On leaving, I was able to release what I felt, I needed a few minutes of crying to understand that my profession is beautiful and demanding, requires strength and personal balance to face difficult decisions, but each one of the lived experiences broadens the vision of care and edifies a more integral human being.
The case allows to identify as protagonists the NB, his family and the nurse; transcending the positivist vision of the human divided into parts and the professional as an observer that does not change with the experience of caring. The focus is the PEL theory, as can be seen in [Figure 1].,
An element of PC is assistance for dignified death. Colombia decriminalizes assisted death in adults in 1997 and 20 years later materializes it; being the only country in Latin America to legislate on this aspect, but children are not included yet. Assisted death is not the only way to dignify death; however in such small and fragile bodies, the limit between comfort and assistance can be a very fine line. This circumstance creates anguish in health professionals, tension and distancing of PC; socially, the death of those who have just been born is not conceived. Therefore, neonatal and PC care is poorly boarded and defined in the care units.
The peculiarities of NB do not allow PC activities to be inferred from care at other stages of life. In [Figure 2], are the arguments that support the care activities reflected in the case.
The attention of the NB to the limit of viability requires a look focused on PC, to avoid suffering and dignify life and death., The role of the nurse is: to support families for decision making that helps clear information; take care not only of physiological aspects but also participate in the defense of the patient and allow time, closeness and intimacy between the parents and the newborn; as well as the other environmental aspects that favor tranquility and respond to the individual needs of each family.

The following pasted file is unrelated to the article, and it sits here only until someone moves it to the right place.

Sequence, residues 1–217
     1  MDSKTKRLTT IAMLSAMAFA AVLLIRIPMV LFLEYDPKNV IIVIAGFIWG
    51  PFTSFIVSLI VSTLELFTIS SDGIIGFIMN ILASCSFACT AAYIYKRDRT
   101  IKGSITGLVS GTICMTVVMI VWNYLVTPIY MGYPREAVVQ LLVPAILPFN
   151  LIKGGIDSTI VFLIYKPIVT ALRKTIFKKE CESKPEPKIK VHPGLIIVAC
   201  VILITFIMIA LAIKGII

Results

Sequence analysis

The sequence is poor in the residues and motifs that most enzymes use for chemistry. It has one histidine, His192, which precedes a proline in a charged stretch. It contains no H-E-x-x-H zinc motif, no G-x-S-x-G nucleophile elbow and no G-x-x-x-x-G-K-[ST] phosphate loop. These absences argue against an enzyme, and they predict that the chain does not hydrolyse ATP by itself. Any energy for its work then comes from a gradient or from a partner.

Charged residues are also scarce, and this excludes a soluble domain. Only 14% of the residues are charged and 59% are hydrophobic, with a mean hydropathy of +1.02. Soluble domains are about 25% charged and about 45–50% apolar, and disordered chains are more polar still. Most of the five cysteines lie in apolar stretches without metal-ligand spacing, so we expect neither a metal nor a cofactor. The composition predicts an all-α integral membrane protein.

The proximity to suffering and death leads professionals to emotional overload, intense sadness, and a sense of loss, so they feel fear of PC, relating to the lack of motivation., This is seen as one of the most stressful activities for nurses and can be a cause of disinterest in the care, as they often experience great frustration. However, sensitive and differentiated care of families living this painful experience should be a priority.
Another circumstance that concerns health staff is the continuous balance between the beneficence and maleficence of treatments or the limitation of therapeutic efforts. As well as the constant reflection on the elements that constitute the well-being and quality of life of the NB.
It should not be forgotten that the case on which it is reflected, exposes a highly sensitive moment where human treatment must be gentle, considerate, and honest. These require that the health staff involved receive frequent training, and this topic is involved in the agendas of the neonatal care units.
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Conflicts of interest
There are no conflicts of interest.
[Figure 1], [Figure 2]